Major life events often come with major financial decisions. A new job is cause for celebration, but how will the switch impact your plans for retirement? Should you make contributions to a traditional 401(k) at your new job or try out the Roth 401(k) option instead?

These answers aren’t always obvious, but thankfully, you don’t have to figure it out alone.

A financial advisor is an expert who can help you create a financial road map custom-made for all the things that make your situation unique. Whether you’re starting a family, preparing to buy a home or launching a new business, a financial advisor can help explain the impact of major life events on your taxes, savings, investments and more.

Here are 9 life-changing events a financial advisor can helpwith, along with financial planning examples so you can decide if speaking with an advisor is right for you.

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A pay raise

Getting a raise at work or landing a higher paying job can open new doors. But without expert advice, it can be tough to know which financial door to walk through first.

A financial advisor can help you decide if it’s time to bump up your retirement account contributions at work, and align your financial plan with your new, higher salary. He or she can help you avoid income creep — also known as income inflation — the subtle effect of spending more money as you earn more money. Or they can help you develop a strategy for minimizing your tax bill when you report your boosted adjusted gross income to the IRS next year.


Retirement is one of the biggest financial life events people need help navigating, especially when it comes to figuring out how much to save for retirement.

Why? Simply put, there’s a lot of variables to consider when planning for retirement and it’s difficult for the average person to plan 20, 30 or 40 years into the future.

A retirement financial advisor can evaluate your current retirement savings, and develop an investment strategy that balances risk and return inside your portfolio. They can explain the tax implications of contributing to a traditional vs. Roth IRA and recommend the most tax-efficient withdrawal strategies during retirement.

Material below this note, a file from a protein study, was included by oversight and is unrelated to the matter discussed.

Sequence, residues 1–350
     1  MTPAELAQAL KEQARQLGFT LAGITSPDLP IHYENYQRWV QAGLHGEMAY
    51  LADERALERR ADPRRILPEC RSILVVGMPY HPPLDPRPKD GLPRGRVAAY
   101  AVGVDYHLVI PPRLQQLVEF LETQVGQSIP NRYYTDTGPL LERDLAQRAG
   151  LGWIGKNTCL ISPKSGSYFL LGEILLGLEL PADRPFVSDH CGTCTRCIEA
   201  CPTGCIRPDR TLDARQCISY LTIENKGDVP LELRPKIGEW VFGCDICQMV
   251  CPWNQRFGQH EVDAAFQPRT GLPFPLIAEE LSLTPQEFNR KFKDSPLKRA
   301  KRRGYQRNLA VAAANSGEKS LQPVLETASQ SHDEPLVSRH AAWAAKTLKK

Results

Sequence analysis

Wedding bells are within sight but getting married comes with a slew of major financial decisions. Merging finances, choosing how you’ll file taxes (jointly or separately?) and updating life insurance beneficiary designations are just a few of the items on your post-honeymoon to-do list.

A financial advisor can help you create a financial plan before marriage, establishing joint budgets and financial goals with your spouse. If either partner is entering the marriage with significant debt, a financial advisor can create a strategy for managing and reducing it. A professional can also assist with life event financing, that is, creating a realistic wedding budget that won’t derail your other future financial goals.

Starting a family

Kids are expensive. A financial advisor can help you adjust your budget and walk you through the financial planning essentials for new families, like creating a family budget and planning for college.

An advisor can also explain the process of setting up education savings plans, like a 529 plan, to earmark money for your children’s educational needs. He or she can assess your current insurance coverage, explain new tax deductions or credits you might qualify for and provide details on dependent care FSAs, which can help you save for things like preschool, summer camp and day care in a tax-advantaged account.

Buying a home

Buying a home is probably one of the biggest financial decisions you’ll ever make. Unless you’re an experienced real estate agent (and maybe even if you are), you’ll need someone you can trust to walk you through the process.

Financial advisors can help you figure out how much home you can realistically afford while navigating the impact of rising interest rates and other economic factors on your monthly mortgage payments. They can answer the many questions you’re bound to have about homeowners insurance, escrow and ways to boost your credit score so you can qualify for better mortgage rates.


Divorce is an emotionally draining experience, but with the right financial advisor, you can objectively chart a path to finance independence without wrecking your long-term goals in the process.